Bill and I flew out of Stuttgart at about noon on March 14th. We dropped off our dogs, Zane and Arran, with Max at Dog On Holiday, and had pleasant flights from Stuttgart to Amsterdam to Glasgow. I was feeling hopeful when I saw the sun out in Glasgow. On our first trip to Scotland, we were greeted by dismal weather. It was dark and stormy that November day. This time, we had almost balmy temperatures and the sun was shining. I had needed a heavy coat in Stuttgart, but could walk around with no jacket on in Glasgow.
I cracked a smile when I saw the guy directing the taxi stand. He was wearing a pair of tartan trousers. I am a sucker for tartans, even though I have yet to invest in a stole of my own. I would love to see Bill in a kilt, especially if he wears it properly… but he’s mostly Irish, so he balks at the idea of having one made. One of these days, I’ll get him to pull the trigger. Hopefully, it won’t be aimed at my head.
We reached the Carlton George Hotel by mid afternoon, deposited our bags, and enjoyed some of the free booze in the mini bar. Through OpenTable, I had made us reservations at a restaurant called Alston Bar & Beef. Bill and I both enjoy steaks and this particular restaurant also specializes in gins. I thought maybe we’d have a couple of gin cocktails, but Bill decided he preferred wine. We enjoyed a lovely dinner there, with a round of cocktails and a bottle of wine. We also had dessert… the first of many over the following week.
Bill was fretting a bit because he’d been dieting to get into his dress blues. Our cruise had two gala nights that involved formal wear. Bill retired in 2014, so PT tests are now a thing of the past. He had put on a little weight, but was able to squeeze into the uniform. I could tell he was working hard not to eat too much steak on our first night in Scotland.
I won’t say too much about the Carlton George in this particular post because I intend to write a review. For now, I will say we enjoyed a very comfortable evening there. The hotel is located very close to the main shopping drag in Glasgow and is near Glasgow Central Train Station. We were due to meet representatives from the ship and our fellow passengers at 3:15pm on March 15th.
Breakfast was not included in our rate, so we decided to eat out on the town. Again, through OpenTable, I found a very cool bar close to the hotel called the 158 Cafe Bar at Hutcheson’s. I made us reservations for 9:00am and we both enjoyed a lovely breakfast on our first morning in Scotland. It would be the first of many sumptuous meals we enjoyed this week.
Once checkout time came around, we hauled our bags to the train station and sat in a bar, where we had a light lunch and enjoyed lots of beer. It so happened the bar we were enjoying was slated to close that Sunday. Consequently, they didn’t have a very good selection of suds. I didn’t mind too much, though, because the location was perfect for watching the train station. It wasn’t long before we saw the folks from the Hebridean show up, ready to welcome a new round of passengers onboard.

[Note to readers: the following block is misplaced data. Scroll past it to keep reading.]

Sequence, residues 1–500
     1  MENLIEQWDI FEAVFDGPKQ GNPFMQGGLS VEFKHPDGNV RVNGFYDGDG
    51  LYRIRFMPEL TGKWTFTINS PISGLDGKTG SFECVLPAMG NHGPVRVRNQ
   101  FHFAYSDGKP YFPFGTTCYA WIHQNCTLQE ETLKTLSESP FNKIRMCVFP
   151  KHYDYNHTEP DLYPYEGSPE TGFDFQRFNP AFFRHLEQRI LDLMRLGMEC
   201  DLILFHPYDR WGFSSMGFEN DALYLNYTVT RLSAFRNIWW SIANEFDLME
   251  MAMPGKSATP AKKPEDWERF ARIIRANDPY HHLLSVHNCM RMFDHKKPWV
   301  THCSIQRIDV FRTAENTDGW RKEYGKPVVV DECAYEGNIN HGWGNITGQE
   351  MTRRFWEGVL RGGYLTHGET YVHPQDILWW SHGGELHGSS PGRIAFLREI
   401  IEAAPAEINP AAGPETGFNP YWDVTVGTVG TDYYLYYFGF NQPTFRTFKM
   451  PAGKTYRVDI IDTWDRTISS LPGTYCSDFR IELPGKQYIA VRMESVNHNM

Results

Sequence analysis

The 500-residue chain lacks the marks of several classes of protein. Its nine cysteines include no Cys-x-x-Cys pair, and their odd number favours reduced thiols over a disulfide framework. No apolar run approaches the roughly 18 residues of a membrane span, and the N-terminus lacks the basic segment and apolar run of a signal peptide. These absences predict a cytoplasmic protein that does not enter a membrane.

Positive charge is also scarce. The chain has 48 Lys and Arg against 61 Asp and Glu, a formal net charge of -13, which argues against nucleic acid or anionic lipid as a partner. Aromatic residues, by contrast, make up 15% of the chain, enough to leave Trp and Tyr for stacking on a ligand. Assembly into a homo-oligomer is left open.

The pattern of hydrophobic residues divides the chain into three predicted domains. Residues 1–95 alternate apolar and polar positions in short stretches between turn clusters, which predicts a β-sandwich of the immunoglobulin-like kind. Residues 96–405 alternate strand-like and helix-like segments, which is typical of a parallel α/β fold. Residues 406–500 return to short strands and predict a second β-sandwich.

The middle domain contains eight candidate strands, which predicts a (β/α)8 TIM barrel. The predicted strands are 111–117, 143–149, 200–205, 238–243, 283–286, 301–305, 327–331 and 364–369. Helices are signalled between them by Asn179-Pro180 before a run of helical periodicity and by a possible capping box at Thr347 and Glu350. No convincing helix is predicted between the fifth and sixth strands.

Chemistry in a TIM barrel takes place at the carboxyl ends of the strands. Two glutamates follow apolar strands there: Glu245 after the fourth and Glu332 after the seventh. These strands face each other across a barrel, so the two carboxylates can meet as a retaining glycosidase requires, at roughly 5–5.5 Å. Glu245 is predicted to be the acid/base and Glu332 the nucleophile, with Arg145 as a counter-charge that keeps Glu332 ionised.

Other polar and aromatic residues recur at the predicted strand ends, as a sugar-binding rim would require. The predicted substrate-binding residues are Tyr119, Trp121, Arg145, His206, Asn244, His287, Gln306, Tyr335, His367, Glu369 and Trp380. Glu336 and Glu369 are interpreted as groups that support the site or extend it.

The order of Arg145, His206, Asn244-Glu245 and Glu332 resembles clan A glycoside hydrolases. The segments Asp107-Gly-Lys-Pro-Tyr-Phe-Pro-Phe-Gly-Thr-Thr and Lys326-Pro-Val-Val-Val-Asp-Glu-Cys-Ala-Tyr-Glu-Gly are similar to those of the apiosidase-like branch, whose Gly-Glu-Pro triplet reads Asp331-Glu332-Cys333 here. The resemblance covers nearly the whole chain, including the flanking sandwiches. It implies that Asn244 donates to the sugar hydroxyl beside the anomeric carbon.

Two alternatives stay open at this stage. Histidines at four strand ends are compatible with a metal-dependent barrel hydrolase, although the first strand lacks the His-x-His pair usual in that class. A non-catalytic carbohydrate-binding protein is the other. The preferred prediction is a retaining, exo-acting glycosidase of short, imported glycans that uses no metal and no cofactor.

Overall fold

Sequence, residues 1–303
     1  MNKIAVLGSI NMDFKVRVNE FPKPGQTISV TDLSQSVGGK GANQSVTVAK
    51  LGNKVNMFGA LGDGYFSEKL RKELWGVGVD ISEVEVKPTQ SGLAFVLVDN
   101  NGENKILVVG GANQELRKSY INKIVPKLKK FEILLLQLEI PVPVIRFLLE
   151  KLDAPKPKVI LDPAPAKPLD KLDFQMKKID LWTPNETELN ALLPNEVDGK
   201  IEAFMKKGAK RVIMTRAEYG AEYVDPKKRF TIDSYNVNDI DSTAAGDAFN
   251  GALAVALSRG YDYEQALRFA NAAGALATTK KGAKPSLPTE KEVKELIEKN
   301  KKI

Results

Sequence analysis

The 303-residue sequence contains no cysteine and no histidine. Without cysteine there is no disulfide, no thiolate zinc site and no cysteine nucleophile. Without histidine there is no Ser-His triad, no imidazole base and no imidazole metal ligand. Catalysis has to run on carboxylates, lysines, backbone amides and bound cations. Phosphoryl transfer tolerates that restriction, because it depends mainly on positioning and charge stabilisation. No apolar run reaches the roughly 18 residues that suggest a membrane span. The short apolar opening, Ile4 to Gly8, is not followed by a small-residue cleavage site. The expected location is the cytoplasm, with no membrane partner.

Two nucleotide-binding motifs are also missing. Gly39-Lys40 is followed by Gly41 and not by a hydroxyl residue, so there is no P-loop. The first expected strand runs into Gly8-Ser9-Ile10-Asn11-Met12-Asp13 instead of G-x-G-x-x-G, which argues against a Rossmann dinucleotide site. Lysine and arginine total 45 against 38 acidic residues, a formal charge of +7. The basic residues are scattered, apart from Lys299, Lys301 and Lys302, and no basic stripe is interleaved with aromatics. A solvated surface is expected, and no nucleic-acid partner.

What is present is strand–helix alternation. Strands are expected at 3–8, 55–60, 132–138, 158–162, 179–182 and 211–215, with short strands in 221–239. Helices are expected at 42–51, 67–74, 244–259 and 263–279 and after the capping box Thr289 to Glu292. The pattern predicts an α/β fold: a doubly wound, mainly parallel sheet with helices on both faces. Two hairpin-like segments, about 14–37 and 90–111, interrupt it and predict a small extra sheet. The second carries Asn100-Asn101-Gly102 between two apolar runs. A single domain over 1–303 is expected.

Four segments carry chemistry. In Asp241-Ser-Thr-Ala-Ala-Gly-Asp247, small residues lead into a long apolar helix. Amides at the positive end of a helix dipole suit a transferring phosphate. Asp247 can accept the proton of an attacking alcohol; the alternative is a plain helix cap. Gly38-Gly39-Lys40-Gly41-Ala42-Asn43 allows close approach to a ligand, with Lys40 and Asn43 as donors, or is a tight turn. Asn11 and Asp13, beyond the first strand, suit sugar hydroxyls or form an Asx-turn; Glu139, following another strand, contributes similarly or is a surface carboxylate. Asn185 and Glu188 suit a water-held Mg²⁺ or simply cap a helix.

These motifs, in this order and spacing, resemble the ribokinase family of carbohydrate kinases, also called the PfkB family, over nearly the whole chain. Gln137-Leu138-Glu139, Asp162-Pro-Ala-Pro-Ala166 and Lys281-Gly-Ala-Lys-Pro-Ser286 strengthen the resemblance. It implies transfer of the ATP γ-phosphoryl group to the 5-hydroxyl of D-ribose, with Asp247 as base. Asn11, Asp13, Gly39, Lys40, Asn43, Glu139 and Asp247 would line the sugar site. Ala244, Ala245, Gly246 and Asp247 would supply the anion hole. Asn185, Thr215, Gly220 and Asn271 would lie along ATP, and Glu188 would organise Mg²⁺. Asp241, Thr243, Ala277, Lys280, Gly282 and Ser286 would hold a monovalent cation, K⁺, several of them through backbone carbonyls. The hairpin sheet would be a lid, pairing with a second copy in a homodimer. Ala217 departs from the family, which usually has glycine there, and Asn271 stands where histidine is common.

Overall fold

Hebridean Princess hires guides for its cruises. They usually change each week and have special interests in the different cruise themes. The week we were on the ship, our guide was John Harbour. He was very easy to spot. Every day, he wore a kilt with a matching tie and v neck sweater. He’s very tall and distinguished and a proud Scotsman. When we showed up with our passel of bags, he commented that we hadn’t packed light. I explained that Bill had brought his uniform. Then John told us that he had served in the Royal Navy for over thirty years. He now has his own tour guide business and has been on Princess five times. Prior to our whisky trip, John had been visiting India. I knew he and Bill would have plenty to talk about during our trip.
When all of the passengers who were planning to be collected at the train station had arrived, John and the bartender, Egon from the Czech Republic, loaded us into the bus and we headed to the airport to pick up more people. Thanks to all the beer I drank at the bar in the train station, I had a strong urge to answer the call of nature. Fortunately, the bus had a toilet. It also had seatbelts, with John incessantly reminded us to use every time we got on the bus!
We arrived at the Greenock pier by about five o’clock. After a quick security check, we were each piped aboard the Hebridean Princess. A young kilted lad stood outside the terminal with his pipes and played for everyone as they made their way to the ship. I managed to get a very quick film of him playing.
The woman who ended up being our waitress showed us to Loch Crinan, our stateroom on the Hebridean deck. The Hebridean deck is where the cheapest rooms are. They have no windows and only a shower. However, despite being the least expensive of the rooms on Hebridean Princess, they are still very comfortable. A small bottle of whisky sat on the credenza over a stocked minibar that included water, soda, and fruit juice. The bathroom was outfitted with Molton Brown toiletries and very thick, luxurious towels on a towel warmer.
We were asked to unpack our bags and set them outside so they could be stowed. Then, we were welcome to make our way to the Tiree Lounge for welcome drinks and the muster drill. The first night, dinner dress would be casual and we would learn about the many distilleries we would be visiting during our week on the Princess. By the end of the week, we would know how whisky is made and the differences between the different whisky making regions around Scotland.
The very friendly and warm staff, mostly made up of Scots and folks from Latvia and Lithuania, made sure to make us feel at home. After I made the steep climb back up to the Tiree Lounge, Egon the bartender handed me the first of many glasses of champagne.